The Sharpe ratio – a measure of risk-adjusted performance – is 0.76 for hedge funds for the examined period, compared to 0.23 for global stocks, 0.68 for global bonds and 0.16 for commodities. Meanwhile, the standard deviation of performance, at 7.2, is higher than for global bonds but lower than for equities and commodities, the study claims.
Other asset classes are measured using the MSCI World Total Return Index for global stocks, the JP Morgan Global Aggregate Bond Total Return Index for global bonds, and the S&P GSCO Commodity Total Return Index for commodities, all between January 1994 and October 2011.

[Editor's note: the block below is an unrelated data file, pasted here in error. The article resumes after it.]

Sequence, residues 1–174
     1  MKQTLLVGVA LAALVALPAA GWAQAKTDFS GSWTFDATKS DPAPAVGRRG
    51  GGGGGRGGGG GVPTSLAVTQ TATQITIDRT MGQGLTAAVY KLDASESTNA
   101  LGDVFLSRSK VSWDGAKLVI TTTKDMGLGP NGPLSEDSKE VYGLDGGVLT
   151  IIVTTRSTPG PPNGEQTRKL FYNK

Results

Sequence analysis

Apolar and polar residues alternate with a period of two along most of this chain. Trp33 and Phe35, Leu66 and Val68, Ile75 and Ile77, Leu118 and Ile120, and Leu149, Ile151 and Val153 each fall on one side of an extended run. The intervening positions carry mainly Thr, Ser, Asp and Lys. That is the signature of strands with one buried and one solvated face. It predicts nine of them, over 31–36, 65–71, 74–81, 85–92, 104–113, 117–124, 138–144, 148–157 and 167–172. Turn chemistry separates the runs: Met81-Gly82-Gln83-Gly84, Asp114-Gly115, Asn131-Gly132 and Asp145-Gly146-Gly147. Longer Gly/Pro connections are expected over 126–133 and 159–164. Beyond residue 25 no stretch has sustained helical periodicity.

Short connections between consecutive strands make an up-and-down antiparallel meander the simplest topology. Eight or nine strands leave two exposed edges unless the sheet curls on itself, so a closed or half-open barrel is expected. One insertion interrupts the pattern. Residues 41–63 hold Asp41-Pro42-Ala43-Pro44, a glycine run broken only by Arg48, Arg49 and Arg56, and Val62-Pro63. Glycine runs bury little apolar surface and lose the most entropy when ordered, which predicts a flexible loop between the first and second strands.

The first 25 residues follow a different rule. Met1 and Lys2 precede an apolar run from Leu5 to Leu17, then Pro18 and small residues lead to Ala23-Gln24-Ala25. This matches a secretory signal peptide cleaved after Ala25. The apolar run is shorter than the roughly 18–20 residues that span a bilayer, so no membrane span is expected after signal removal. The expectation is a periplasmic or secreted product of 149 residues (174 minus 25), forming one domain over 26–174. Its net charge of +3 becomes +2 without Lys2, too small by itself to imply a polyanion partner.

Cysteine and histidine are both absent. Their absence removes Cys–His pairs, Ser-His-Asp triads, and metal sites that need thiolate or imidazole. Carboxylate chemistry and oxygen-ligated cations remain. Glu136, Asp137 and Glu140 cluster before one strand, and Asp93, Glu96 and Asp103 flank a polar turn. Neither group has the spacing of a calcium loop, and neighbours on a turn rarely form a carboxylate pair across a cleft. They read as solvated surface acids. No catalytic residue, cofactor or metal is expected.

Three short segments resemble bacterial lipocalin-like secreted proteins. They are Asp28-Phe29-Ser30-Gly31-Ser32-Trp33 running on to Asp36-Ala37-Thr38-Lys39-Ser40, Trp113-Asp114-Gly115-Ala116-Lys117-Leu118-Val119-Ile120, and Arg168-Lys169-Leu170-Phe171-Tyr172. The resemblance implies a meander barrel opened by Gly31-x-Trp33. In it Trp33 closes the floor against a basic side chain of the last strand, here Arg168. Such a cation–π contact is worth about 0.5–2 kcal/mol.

Correlations between hedge funds and other asset classes are shown to rise during recessions in the report, but “only slightly,” the authors say, “suggesting that hedge funds do not threaten the stability of the financial system.”
Using regression analysis of hedge fund excess returns against the excess returns of other asset classes, the authors of the report find that “most of the hedge fund performance is explained by alpha, not beta (that is exposure to systemic risk).” They estimate that around 76 per cent of hedge fund performance is due to alpha.